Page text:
On Thursday the S&P500 closed mostly unchanged, losing a trivial 0.1%. This was the sixth consecutive close above 2,700 as last month’s resistance turns into this month’s support.
In Tuesday’s free blog post, I told readers May’s rebound could go one of two ways. Either we hit our head on the upper end of trading range and stumble back into the mid-2,600s. Or prices stabilize above 2,700 following Tuesday’s dip and test of support. Two days later and we are still holding 2,700 support and things look good for this market. If we were overbought and vulnerable to tumbling back into the heart of the trading range, it would have happened by now.
The lack of follow-on selling when we tested 2,700 earlier this week tells us most owners are confident and not interested in selling. Plenty of bad news has been making the rounds between oil topping $70, gas approaching $3, interest rates passing 3%, trade negotiations breaking down, and Trump’s North Korea summit on the verge of collapse. There have been more than enough reasons for this market to tumble, yet here we are still holding above support.
The thing to remember about headlines is if no one sells them, they stop mattering. All of the above headlines have been reoccurring themes that keep popping up over the last few weeks and months. The thing about recycled headlines is they get priced in. Anyone who fears these stories bailed out a long time ago when these issues first came up. Those nervous sellers were replaced by confident dip-buyers who demonstrated a willingness to own these headline risks when they bought. And it should be no surprise these confident dip-buyers are not flinching when these headlines come back around. As I said, when no one sells the news, it stops mattering. That is why prices are holding up so well despite the headline headwinds.
A market that refuses to do down will eventually go up. And while the path of least resistance for this market remains higher, the easy gains are behind us. A couple of weeks ago I encouraged readers to buy the dip. Risk is a function of height and falling near the lowest levels of the year made May’s dip one of the safest times to buy stocks this year. But now that the easy money and quick gains are behind us, the ride is going to get slower and harder. The market’s resilience this week tells us it still wants to go higher and 2,800 is very much in play. But it will be a grind getting there that could take a couple of months. If buying the rebound off 2,600 support was the fast money trade. Buying 2,700 support is going to be the slow money trade and it could take most of the summer to reach 2,800. That means lots of up and down between here and there.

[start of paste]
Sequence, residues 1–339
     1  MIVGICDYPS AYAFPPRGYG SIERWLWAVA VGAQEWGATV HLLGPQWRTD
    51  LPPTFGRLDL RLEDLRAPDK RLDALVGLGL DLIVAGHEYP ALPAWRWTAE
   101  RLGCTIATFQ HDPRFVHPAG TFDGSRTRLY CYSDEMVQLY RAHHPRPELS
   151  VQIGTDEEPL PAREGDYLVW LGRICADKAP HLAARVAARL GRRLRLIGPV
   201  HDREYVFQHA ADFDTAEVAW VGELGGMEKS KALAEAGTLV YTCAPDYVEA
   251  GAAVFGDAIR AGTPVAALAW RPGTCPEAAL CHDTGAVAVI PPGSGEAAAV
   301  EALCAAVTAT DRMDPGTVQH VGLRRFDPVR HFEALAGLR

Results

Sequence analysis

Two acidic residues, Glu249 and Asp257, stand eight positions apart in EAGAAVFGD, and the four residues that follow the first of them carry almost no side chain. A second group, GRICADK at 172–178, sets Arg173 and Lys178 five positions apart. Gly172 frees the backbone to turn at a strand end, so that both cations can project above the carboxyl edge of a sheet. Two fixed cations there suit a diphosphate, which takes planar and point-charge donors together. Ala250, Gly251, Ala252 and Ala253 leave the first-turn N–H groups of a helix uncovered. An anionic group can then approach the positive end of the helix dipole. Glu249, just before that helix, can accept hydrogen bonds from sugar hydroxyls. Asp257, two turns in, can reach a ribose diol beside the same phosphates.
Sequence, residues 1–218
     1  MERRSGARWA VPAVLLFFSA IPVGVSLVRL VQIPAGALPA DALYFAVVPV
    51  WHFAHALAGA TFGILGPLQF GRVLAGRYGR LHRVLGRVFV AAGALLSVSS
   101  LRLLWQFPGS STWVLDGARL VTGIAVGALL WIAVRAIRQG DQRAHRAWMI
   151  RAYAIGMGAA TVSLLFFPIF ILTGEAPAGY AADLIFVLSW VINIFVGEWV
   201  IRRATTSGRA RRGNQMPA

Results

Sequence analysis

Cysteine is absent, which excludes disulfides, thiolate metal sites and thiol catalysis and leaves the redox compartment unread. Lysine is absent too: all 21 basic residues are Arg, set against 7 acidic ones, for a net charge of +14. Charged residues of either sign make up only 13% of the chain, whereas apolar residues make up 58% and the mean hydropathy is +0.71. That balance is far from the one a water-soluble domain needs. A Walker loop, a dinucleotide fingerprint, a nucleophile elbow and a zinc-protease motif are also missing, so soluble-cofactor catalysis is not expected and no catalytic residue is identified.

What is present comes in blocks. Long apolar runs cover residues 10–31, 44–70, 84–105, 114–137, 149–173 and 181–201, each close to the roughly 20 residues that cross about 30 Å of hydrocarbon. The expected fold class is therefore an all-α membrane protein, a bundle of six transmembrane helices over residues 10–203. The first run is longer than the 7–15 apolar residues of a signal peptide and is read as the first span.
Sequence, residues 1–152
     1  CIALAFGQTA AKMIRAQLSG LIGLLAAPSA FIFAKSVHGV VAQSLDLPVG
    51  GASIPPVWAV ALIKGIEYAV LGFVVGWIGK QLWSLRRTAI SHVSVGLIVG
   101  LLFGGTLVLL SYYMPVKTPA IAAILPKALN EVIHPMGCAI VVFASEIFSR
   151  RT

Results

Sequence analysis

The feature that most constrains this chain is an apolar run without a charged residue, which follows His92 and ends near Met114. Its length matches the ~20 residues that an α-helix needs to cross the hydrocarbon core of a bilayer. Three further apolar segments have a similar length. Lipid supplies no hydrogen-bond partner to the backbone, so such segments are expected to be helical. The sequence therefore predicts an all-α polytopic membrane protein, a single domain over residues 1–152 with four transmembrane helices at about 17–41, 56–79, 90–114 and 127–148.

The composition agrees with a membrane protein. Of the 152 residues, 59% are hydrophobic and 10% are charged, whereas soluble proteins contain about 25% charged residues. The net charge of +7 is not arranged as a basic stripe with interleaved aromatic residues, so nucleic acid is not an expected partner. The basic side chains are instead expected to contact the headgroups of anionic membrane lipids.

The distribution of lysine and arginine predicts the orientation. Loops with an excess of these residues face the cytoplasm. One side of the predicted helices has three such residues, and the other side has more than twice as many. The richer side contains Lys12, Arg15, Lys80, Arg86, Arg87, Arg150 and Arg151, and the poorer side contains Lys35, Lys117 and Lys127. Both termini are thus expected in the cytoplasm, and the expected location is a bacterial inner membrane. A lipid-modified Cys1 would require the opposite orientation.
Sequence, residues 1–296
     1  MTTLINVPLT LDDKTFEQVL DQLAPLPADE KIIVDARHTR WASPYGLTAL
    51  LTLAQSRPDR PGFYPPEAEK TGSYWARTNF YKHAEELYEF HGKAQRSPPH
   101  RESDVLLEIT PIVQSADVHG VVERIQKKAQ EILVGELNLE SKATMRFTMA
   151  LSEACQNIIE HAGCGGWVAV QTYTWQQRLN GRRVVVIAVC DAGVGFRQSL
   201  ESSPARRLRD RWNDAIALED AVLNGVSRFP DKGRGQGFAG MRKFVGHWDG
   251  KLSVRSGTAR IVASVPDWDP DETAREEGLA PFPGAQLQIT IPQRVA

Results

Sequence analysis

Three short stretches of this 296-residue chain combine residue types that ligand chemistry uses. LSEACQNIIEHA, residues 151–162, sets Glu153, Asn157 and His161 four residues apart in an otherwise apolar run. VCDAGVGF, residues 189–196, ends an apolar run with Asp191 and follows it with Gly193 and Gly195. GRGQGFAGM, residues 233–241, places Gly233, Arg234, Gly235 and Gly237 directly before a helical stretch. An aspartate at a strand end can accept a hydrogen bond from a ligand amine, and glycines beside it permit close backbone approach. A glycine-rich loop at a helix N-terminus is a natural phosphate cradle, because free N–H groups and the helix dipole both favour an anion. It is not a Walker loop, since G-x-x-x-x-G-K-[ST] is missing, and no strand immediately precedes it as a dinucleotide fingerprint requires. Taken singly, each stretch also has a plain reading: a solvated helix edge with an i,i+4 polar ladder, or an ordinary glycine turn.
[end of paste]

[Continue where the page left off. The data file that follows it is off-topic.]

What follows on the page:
Last month I told readers people would be kicking themselves for not buying the Tech Highflier dip and no doubt a lot of people are now kicking themselves for not buying it. People had been begging for a pullback so they could jump aboard this year’s hottest trade. Yet when the market granted their wish, most were too afraid to by the dip they were asking for. Even though prices are nowhere near as attractive as they were a few weeks ago, the Tech Meltdown is over and these stocks are leading the way higher. Most of the FAANG stocks are back near their highs and will only go higher as the broad market climbs this summer.
The same cannot be said for Bitcoin. I wrote a couple of weeks ago that $9k support risked turning into stalling if we held that level too long. The problem with staying near support too long is it makes a violation inevitable. When BTC couldn’t rally beyond $9k, falling under it was the only option left. And now last week’s $9k support has turned into this week’s $8k support and we are on the verge of falling to $7k support next week. The rebound off $6k earlier this year boosted sentiment, but this dip is threatening to erase all of those good feelings. I don’t think the lows are in yet and that means lower prices are still ahead of us.
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Jani Ziedins (pronounced Ya-nee) is a full-time investor and financial analyst that has successfully traded stocks and options for nearly three decades. He has an undergraduate engineering degree from the Colorado School of Mines and two graduate business degrees from the University of Colorado Denver. His prior professional experience includes engineering at Fortune 500 companies, small business consulting, and managing investment real estate. He is now fortunate enough to trade full-time from home, affording him the luxury of spending extra time with his wife and two children.